New York Fern

Thelypteris noveboracensis

Family: Thelypteridaceae
Genus: Thelypteris (the-LIP-ter-is) (Info)
Species: noveboracensis (no-vee-bor-uh-SEN-sis) (Info)
Synonym:Dryopteris noveboracensis
Synonym:Polypodium noveboracense
Synonym:Thelypteris thelypterioides




Foliage Color:

Unknown - Tell us

Bloom Characteristics:

Unknown - Tell us

Water Requirements:

Requires consistently moist soil; do not let dry out between waterings

Very high moisture needs; suitable for bogs and water gardens

Where to Grow:

Unknown - Tell us


12-18 in. (30-45 cm)

18-24 in. (45-60 cm)


18-24 in. (45-60 cm)


USDA Zone 4a: to -34.4 C (-30 F)

USDA Zone 4b: to -31.6 C (-25 F)

USDA Zone 5a: to -28.8 C (-20 F)

USDA Zone 5b: to -26.1 C (-15 F)

USDA Zone 6a: to -23.3 C (-10 F)

USDA Zone 6b: to -20.5 C (-5 F)

USDA Zone 7a: to -17.7 C (0 F)

USDA Zone 7b: to -14.9 C (5 F)

USDA Zone 8a: to -12.2 C (10 F)

USDA Zone 8b: to -9.4 C (15 F)

Sun Exposure:

Sun to Partial Shade

Light Shade

Partial to Full Shade



Bloom Color:


Bloom Time:



Grown for foliage


This plant is resistant to deer

Other details:

This plant may be considered a protected species; check before digging or gathering seeds

Soil pH requirements:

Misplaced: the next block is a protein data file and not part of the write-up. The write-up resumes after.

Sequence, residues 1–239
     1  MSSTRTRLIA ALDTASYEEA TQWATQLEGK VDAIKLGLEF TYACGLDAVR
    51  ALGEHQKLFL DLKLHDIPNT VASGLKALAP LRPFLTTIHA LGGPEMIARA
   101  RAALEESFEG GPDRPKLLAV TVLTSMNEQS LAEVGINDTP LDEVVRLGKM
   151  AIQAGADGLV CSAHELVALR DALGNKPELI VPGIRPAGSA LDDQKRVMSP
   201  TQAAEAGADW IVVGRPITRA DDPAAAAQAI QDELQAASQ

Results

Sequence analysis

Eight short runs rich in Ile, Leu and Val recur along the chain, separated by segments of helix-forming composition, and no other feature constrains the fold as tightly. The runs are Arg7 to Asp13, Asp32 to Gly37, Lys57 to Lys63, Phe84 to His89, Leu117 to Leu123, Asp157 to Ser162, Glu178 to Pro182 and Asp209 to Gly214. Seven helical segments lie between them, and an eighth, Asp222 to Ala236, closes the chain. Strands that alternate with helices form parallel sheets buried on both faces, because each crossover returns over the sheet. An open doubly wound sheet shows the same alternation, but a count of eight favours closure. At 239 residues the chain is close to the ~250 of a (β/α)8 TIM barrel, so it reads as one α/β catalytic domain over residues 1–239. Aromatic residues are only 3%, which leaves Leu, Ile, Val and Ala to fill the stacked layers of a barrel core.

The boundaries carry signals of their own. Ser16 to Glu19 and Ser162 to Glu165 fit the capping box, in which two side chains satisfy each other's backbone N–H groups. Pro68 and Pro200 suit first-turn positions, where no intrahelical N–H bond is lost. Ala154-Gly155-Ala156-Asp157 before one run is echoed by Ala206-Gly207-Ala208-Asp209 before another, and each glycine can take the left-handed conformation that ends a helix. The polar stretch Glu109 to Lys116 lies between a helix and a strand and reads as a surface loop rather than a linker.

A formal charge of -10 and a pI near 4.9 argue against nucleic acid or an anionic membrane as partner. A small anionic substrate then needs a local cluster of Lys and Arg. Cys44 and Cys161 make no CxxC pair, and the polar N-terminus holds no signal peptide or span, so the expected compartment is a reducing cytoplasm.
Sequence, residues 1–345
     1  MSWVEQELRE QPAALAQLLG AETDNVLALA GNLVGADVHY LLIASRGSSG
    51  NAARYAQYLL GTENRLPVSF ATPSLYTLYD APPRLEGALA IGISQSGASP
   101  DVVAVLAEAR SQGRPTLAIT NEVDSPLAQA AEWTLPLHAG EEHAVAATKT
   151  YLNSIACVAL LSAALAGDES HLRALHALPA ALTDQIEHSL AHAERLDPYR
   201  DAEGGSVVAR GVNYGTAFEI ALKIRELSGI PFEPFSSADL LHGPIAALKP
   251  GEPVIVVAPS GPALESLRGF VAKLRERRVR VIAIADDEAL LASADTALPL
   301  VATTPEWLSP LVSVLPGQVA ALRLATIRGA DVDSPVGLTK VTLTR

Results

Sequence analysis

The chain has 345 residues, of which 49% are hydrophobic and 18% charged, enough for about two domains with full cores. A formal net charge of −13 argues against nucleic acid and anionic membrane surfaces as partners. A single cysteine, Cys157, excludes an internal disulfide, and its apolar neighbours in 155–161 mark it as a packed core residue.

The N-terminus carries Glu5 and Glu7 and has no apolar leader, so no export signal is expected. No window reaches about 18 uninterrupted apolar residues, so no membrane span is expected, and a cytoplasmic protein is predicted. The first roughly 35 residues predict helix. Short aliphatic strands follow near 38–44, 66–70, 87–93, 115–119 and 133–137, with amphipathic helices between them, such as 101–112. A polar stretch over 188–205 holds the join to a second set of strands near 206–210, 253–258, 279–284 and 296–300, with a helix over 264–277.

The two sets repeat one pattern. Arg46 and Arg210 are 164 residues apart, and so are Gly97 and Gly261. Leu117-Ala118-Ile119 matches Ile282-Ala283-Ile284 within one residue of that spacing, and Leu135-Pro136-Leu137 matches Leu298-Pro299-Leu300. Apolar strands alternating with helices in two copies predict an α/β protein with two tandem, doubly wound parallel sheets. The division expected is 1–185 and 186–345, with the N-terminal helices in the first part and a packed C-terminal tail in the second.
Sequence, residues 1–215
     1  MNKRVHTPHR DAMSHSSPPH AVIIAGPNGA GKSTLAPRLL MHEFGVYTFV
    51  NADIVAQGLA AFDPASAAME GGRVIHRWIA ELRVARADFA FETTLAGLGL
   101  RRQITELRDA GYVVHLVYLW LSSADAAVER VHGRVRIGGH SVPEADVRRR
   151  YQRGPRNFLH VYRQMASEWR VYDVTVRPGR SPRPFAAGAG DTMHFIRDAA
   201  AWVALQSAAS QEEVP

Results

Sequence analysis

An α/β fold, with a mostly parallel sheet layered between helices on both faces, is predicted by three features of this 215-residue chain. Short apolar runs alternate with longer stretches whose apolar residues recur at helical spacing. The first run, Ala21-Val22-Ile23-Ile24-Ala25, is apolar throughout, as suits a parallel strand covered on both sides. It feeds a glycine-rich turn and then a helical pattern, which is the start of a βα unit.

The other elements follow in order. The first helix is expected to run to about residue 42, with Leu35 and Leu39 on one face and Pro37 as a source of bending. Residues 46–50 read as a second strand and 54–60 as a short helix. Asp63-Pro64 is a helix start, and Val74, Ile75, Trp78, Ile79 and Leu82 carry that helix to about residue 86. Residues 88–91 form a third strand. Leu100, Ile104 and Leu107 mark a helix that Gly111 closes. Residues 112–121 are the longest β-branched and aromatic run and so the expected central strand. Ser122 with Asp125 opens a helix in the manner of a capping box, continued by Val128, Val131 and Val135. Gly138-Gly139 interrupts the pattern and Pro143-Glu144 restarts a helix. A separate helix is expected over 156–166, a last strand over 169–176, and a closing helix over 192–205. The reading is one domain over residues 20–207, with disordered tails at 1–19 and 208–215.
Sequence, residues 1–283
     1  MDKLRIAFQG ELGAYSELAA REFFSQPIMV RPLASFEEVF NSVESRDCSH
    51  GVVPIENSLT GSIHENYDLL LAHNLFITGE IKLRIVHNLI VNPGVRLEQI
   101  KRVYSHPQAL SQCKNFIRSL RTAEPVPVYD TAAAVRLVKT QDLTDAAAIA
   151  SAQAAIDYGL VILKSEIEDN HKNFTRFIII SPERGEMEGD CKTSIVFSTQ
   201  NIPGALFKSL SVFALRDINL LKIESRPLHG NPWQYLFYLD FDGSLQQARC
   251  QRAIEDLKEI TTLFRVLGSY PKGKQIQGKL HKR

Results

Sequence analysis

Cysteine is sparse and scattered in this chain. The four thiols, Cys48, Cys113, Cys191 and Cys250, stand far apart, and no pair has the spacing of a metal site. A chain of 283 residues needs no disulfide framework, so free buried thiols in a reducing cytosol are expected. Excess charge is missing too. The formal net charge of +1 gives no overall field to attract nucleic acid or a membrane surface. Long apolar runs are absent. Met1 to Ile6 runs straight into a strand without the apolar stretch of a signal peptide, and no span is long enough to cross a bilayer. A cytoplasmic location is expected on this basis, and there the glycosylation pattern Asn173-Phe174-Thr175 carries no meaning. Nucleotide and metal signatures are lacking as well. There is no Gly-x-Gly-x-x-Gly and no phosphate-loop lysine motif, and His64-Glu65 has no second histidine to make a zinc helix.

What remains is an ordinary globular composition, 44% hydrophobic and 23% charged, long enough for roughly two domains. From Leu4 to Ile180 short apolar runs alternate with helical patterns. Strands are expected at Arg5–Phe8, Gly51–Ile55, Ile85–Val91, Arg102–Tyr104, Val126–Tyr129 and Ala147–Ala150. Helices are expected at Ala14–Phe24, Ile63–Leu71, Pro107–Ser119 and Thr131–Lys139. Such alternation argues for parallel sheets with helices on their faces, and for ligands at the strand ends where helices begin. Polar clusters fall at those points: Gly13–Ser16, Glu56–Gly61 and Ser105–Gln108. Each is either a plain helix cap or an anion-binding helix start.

6.1 to 6.5 (mildly acidic)

6.6 to 7.5 (neutral)

Patent Information:


Propagation Methods:

By dividing the rootball

From spores

Seed Collecting:

N/A: plant does not set seed, flowers are sterile, or plants will not come true from seed


This plant has been said to grow in the following regions:

Ithaca, New York

Valatie, New York

Glouster, Ohio

Blacksburg, Virginia

Gardeners' Notes:


On Jun 27, 2007, Cretaceous from El Sobrante, CA (Zone 9b) wrote:

Native to Canada (New Brunswick, Newfoundland, Nova Scotia, Ontario, Prince Edward Island, Quebec), and the eastern United States (Connecticut, Indiana, Maine, Massachusetts, Michigan, New Hampshire, New Jersey, New York, Ohio, Pennsylvania, Rhode Island, Vermont, West Virginia, Illinois, Oklahoma, Alabama, Arkansas, Delaware, District of Columbia, Georgia, Kentucky, Louisiana, Maryland, Mississippi, North Carolina, South Carolina, Tennessee, and Virginia).

Considered an endangered species in the state of Illinois, and listed as exploitably vulnerable in the state of New York.


On Oct 27, 2004, smiln32 from Oklahoma City, OK (Zone 7a) wrote:

This is a common, but delicate-looking fern, often growing in large colonies in wooded areas. It prefers moist areas and can reach a height of 24". Sporulates from June - Sept. Native to the Eastern and Northeastern U.S. Transplants easily. Beautiful color.


On Oct 23, 2004, lmelling from Ithaca, NY (Zone 5b) wrote:

This is a slow-growing delicate fern I have growing next to the edge of my pond. It's not as big and flashy as some of the other ferns (ostrich, and Lady fern), but it provides a nice woodsy look. I have it planted in a protected area next to a large rock. The area does receive full sun, so the rock helps protect it during the midday. The area is very marshy due to the proximity to the pond (no liner).

When planted it started out with only 3 or 4 fronds, but has come back a little larger each year. It mixes nicely with the ajuga planted near it.